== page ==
> There should be one-- and preferably only one --obvious way to do it."
>
> I still wonder why they've added the class raise form, on which purpose.


The class raise form used to be the only way to raise exceptions. To pass an
argument, there was special syntax:

raise Exception, "some message"

This syntax has been done away with in Python 3 in favor of regular calling
conventions. Python 3 still allows bare classes, though. I also prefer to always
raise instances of exceptions rather than bare exception classes. It simplifies
the mental model.

--
Robert Kern

"I have come to believe that the whole world is an enigma, a harmless enigma
that is made terrible by our own mad attempt to interpret it as though it had
an underlying truth."
-- Umberto Eco

 
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James Elford
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      03-12-2012
On 11/03/12 19:04, bvdp wrote:
> Which is preferred in a raise: X or X()? I've seen both. In my specific case I'm dumping out of a deep loop:
>
> try:
> for ...
> for ...
> for ...
> if match:
> raise StopInteration()
> else ...
>
> except StopInteration:
> print "found it"


I wonder whether you need to use an exception here rather than a yield
statement? Exceptions should reflect Exceptional circumstances (and come
with associated stack trace, and so on...). The following should do
something like what you want, without raising exceptions.

>>> # Deeply loop into a collection of collections
>>> def find(collection):

.... for sub_col in collection:
.... for item in sub_col:
.... for foo in item.list_field:
.... if foo.is_match:
.... yield foo

>>> # Some junk classes to iterate over
>>> class Item(object):

.... def __init__(self, some_range):
.... self.list_field =[ListedItem(i) for i in some_range]

>>> class ListedItem(object):

.... def __init__(self, number):
.... self.tag = number
.... self.is_match = False

>>> def __str__(self):

.... return str(self.tag)

>>> # Construct a list of items
>>> l = [[Item(range(i)) for i in range(10)],

.... [Item(range(i, 2*i)) for i in range(10,20)]]

>>> l[0][9].list_field[3].is_match = True


>>> for i in find(l):

.... print(i)
3

James
 
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Stefan Behnel
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      03-12-2012
Irmen de Jong, 11.03.2012 21:37:
> On 11-3-2012 20:04, bvdp wrote:
>> Which is preferred in a raise: X or X()? I've seen both. In my specific case I'm dumping out of a deep loop:
>>
>> try:
>> for ...
>> for ...
>> for ...
>> if match:
>> raise StopInteration()
>> else ...
>>
>> except StopInteration:
>> print "found it"

>
> "raise X" is a special case of the 3-args raise. Effectively it just raises an instance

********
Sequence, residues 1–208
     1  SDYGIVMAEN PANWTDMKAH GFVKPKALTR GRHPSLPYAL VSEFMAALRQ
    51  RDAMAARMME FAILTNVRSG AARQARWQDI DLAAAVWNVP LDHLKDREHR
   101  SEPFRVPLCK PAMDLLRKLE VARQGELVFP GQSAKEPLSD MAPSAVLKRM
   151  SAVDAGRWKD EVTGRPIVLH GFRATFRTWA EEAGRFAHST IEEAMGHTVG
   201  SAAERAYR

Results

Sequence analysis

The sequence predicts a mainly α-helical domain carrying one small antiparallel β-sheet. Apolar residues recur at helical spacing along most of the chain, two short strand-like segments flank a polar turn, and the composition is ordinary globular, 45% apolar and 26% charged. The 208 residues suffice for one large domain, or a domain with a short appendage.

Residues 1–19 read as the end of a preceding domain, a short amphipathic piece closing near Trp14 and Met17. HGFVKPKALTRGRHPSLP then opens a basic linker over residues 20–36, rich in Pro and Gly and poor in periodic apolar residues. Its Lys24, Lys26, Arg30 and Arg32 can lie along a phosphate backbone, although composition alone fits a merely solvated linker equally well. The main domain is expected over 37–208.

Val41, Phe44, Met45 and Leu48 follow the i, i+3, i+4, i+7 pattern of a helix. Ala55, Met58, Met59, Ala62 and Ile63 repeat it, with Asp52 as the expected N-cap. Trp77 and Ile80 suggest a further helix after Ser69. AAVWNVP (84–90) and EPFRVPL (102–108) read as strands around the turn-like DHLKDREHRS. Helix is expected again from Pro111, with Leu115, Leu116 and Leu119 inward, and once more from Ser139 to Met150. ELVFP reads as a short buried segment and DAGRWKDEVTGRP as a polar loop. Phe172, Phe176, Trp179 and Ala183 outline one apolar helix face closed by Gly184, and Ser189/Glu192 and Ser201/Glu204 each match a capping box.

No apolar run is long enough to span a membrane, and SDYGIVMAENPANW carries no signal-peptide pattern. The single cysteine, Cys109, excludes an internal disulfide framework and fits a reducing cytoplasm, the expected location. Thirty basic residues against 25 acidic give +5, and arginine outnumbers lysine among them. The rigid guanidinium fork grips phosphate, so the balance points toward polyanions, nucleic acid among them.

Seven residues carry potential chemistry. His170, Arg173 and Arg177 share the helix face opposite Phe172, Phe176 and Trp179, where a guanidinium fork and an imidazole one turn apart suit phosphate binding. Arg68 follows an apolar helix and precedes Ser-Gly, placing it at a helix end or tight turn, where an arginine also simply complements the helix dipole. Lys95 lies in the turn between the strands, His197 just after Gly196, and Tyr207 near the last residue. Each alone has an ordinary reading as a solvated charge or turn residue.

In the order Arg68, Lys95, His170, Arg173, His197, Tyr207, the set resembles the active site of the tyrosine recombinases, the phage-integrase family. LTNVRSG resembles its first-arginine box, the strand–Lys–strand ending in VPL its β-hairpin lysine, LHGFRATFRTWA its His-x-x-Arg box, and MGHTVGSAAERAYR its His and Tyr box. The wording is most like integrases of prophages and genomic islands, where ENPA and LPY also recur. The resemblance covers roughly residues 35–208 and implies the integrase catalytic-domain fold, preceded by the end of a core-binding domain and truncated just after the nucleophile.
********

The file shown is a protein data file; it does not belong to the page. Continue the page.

> of X which is constructed with an empty argument list. Therefore, "raise X()" is
> equivalent, as far as I know.


Not completely, although that may be considered an implementation detail.

When you raise an exception instance, it gets instantiated before being
raised (by your own code). So you control exactly how the exception
instance comes to life.

When you raise the class instead of the instance, it may or may not get
instantiated, depending on how it is being caught or discarded (and by
whom, e.g. internally in the interpreter). In most cases, it will be
instantiated, but only when someone catches it, i.e. at a later time, after
raising it. If the instantiation of the exception has side effects, or if
it fails for some reason (e.g. bad or missing arguments), the time of
instantiation may make a difference. It's obviously bad design to use side
effects here, but it's equally bad design to silently rely on it being side
effect free.

Note that if the exception happens to never get instantiated, you will safe
a tiny bit of time for the overall propagation. But since it's hard to tell
if that will happen or not, it would be a rather misguided micro
optimisation for most Python code to base your decision on this, at least
without prior benchmarking (with a real work-load etc.).

In general, I tend to raise exception types only for very safe and common
built-in exceptions, such as StopIteration, but whenever they take an
argument, I raise the instance instead. For user provided exceptions, there
is no real excuse for raising the type.

BTW, StopIteration takes an optional argument in Python 3.3, but that's not
a feature that is generally going to be used by Python code, I assume. So
I'll just keep raising the type.

Stefan

 
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Steven D'Aprano
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      03-12-2012
On Mon, 12 Mar 2012 14:52:49 +0100, Stefan Behnel wrote:

>> "raise X" is a special case of the 3-args raise. Effectively it just